Oviritje musician Dollam Tjitjahuma, who is one of the accused in a murder-for-hire case, has been granted bail of N$3 000 in the Windhoek High Court.
The 30-year-old Tjitjahuma was released on bail as the murder trial continues in the High Court. Tjitjahuma is appearing alongside David Kondjara (33), Abuid Uazeua (40) and Donald Hindjou (29) on a charge that they allegedly killed Peter Riscoh Muleke (36) at the behest of his wife Annastancia Lubinda.
After the state closed its case last year, Uazeua and Tjitjahuma applied for a section 174 discharge, which was denied, except for a charge of possession of drugs after the police allegedly found 15 grams of dagga in the room they rented in Katutura on 1 April last year.
They also face a charge of defeating or obstructing the course of justice for allegedly destroying dagga inside the house after the police came knocking at the door.
They were acquitted on these charges in the section 174 ruling. They, however, still face a charge of murder and one of robbery with aggravating circumstances. They are part of an alleged murder-for-hire plot in which a City of Windhoek employee lost his life in a most barbaric manner.
The lifeless body of Muleke was found near Penduka in Goreangab on 30 March 2015, with his body surrounded by bloody rocks.
The prosecution is alleging Lubinda hired the men to kill her husband for a fee of N$5 000. One of their co-accused, David Matali, died last year in custody. Lubinda is facing a charge of murder read with the provisions of the Combating of Domestic Violence Act, while her co-accused are charged with murder.
They also face a charge of robbery with aggravating circumstances for allegedly robbing the victim of his cell phone and SIM card.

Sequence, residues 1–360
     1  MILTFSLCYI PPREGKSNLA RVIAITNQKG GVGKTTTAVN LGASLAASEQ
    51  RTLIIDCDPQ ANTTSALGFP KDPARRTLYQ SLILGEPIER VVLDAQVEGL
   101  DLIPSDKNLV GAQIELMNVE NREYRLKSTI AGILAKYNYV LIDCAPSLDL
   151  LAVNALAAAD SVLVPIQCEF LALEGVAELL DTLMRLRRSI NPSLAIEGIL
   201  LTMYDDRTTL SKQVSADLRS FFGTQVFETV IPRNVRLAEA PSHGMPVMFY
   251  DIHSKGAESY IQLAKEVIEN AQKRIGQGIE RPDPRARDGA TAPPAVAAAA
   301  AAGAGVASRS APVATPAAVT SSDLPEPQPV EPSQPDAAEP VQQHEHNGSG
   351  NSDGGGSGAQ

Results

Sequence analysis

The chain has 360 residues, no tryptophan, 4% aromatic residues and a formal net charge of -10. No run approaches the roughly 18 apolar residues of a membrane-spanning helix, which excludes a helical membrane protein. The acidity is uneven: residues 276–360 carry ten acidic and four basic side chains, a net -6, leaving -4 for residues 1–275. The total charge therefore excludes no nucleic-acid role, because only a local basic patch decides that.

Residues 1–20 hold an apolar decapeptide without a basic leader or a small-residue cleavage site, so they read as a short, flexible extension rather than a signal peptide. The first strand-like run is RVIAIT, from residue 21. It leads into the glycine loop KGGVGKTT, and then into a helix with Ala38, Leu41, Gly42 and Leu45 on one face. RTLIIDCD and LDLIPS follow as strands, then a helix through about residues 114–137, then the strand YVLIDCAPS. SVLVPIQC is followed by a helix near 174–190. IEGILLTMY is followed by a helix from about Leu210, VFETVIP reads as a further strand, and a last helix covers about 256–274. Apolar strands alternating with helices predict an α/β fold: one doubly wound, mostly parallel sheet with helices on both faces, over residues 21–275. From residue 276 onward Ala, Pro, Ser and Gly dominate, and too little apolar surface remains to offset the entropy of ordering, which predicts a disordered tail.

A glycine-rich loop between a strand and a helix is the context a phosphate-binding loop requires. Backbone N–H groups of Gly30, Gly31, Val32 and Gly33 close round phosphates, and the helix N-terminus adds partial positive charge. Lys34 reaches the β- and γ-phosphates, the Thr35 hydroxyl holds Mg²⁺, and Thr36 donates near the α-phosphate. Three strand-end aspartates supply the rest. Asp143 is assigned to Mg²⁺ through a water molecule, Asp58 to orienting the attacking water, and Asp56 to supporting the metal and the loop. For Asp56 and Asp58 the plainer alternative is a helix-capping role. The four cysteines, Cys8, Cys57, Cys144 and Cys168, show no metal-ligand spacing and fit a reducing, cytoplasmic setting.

According to the indictment, the accused conspired to kill Muleke.
During the defence case, Lubinda, Kondjara and Hindjou all refuted confessions they allegedly made to magistrates, saying they were assaulted and told what to say in the confessions by the investigator, a certain Sergeant Nuule.
The confessions were, however, ruled admissible by Judge Johanna Salionga after a trial-within-a-trial to determine their admissibility.
During their evidence in chief, however, all three disputed the confessions, and distanced themselves from it.
They all denied knowing each other, or being involved in a scheme to murder Muleke.
Tjitjahuma did not testify in his own defence, and his legal aid lawyer Natji Tjirera made the application for him to be released on bail.
Tjirera told the court he has patiently waited for any of the accused persons to implicate his client in the commission of the offence.
According to him, the only manner in which his client is implicated is through the disputed confessions.
“None of the accusations against my client have been repeated under oath, and now the chickens have come home to roost,” Tjirera told the judge.
He further said that it would be a travesty of justice if Tjitjahuma is to remain in custody for another minute as it is certain that he would be acquitted at the end of the trial.
He asked that Tjitjahuma be released on warning from the court.
Not so fast, said Marthino Olivier on behalf of the prosecution.
While he had no objection to Tjitjahuma being released, he wanted it to be at a fixed amount.
The trial will continue on 28 July for submissions on the verdict.
The rest of the accused remain in custody.